Apart from flying into the airport, and making a visit to the Harley Davidson shop, we had never been to Poitiers before. Both of those places are on the outskirts so they hardly count as a visit to the city. We found that actually getting into the city was hard work.
We fought our way into the centre in heavy traffic and tried to find somewhere to park. It wasn't easy. All the car parks appeared full and we circled round the centre of town a couple of times until we spotted a space on the roadside. It didn't cost a lot to park using the parking meter, once we had actually found the meter, but the maximum time allowed was only two hours.
We are always fairly choosey about where we leave our car, not wanting to come back to find a dent in it - we have often cringed at some of the manoeuvres we have observed in France when people are attempting to park a car.
We found that Poitiers is a lovely city. There are many beautiful old buildings in the city centre and it is a smart and bustling place with shops and restaurants a-plenty. Which is a good job, as we had to keep diving into them during the heavy rain that occurred every few minutes all afternoon.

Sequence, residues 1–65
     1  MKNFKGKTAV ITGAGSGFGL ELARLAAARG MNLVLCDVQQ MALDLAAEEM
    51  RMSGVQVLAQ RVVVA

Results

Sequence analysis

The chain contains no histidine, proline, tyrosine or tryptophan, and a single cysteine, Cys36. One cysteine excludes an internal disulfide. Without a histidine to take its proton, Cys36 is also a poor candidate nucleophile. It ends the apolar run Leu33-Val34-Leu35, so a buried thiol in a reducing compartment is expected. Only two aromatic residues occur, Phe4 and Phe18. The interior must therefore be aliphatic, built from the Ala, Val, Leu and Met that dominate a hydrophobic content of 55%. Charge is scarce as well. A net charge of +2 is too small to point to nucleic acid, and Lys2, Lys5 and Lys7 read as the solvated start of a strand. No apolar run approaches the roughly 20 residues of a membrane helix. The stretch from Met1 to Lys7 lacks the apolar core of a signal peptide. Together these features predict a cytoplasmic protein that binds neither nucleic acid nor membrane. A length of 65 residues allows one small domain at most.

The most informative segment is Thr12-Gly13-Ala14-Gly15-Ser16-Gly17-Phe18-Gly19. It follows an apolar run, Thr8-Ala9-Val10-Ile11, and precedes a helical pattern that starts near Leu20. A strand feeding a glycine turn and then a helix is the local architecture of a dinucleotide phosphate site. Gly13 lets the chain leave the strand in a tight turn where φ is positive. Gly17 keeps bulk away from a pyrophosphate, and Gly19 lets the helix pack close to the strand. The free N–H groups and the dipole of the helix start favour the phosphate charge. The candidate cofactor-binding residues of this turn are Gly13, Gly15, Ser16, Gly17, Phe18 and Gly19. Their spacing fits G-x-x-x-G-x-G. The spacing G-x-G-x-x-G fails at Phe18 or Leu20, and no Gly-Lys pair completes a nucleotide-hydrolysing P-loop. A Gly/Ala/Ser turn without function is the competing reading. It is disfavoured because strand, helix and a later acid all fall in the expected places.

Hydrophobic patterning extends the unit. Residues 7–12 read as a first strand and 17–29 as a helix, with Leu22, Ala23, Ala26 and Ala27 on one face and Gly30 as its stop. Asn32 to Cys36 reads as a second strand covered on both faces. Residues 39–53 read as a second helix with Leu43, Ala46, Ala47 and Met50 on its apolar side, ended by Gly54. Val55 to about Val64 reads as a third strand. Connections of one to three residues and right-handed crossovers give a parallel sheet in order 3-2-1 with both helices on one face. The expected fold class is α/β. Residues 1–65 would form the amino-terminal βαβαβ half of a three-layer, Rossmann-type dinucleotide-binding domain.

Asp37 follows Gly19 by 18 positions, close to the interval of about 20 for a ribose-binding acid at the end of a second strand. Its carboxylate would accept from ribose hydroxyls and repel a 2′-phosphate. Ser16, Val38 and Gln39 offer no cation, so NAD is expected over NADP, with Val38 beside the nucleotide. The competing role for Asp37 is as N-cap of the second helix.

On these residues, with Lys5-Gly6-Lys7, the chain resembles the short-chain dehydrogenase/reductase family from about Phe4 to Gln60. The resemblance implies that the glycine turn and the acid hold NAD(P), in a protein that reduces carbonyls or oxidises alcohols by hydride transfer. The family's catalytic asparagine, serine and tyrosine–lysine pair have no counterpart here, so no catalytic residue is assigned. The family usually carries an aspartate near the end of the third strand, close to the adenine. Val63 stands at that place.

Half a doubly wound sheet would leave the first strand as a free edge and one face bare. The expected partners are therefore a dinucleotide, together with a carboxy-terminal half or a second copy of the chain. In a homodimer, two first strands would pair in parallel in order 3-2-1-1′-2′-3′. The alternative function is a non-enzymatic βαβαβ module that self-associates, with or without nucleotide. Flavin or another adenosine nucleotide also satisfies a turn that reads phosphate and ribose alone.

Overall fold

The place had a very grand feel to it. There were also lots of young people around suggesting the presence of a college or university. It was lively and cosmopolitan - well it certainly seemed so to me, as I fast become more of a country bumpkin each day. It's history goes back to Roman times and you can read a bit about it here.
Not being too good at remembering names, dates and details, I won't embarrass myself by attempting to give a history lesson on Poitiers here. Suffice it to say, Poitiers has been the site of many a gruesome battle over the centuries, some of which profoundly changed the future of France and what we now know as Europe.
There were no battles on the streets the day we were there, except for those people who were trying to hang on to their umbrellas in the wind.
During one particularly heavy cloudburst, we dived into a shopping centre and sat at a little table, watching the world go by whilst we had a coffee. The rain pounded on the glass roof of the building. The street outside became a little river and people splashed as they dashed along, jackets held over their heads.
Minutes later, the sun came out again. It was suddenly blue sky and warm sunshine. So we took our opportunity to find our way back through the maze of elegant streets, with its old-fashioned shops right next to modern fashion emporiums, to our car which was, thankfully, still in one piece, exactly where we had left it.
I am not really a city person any more. When I was younger, I loved the hustle and bustle of shops and cafes. Nowadays I prefer the peace and quiet of the countryside and felt slightly out of my depth in such a busy place. Having said that, I would definitely go back to Poitiers to explore the place and its history some more. That's if I can find somewhere to park the car for more than just a couple of hours.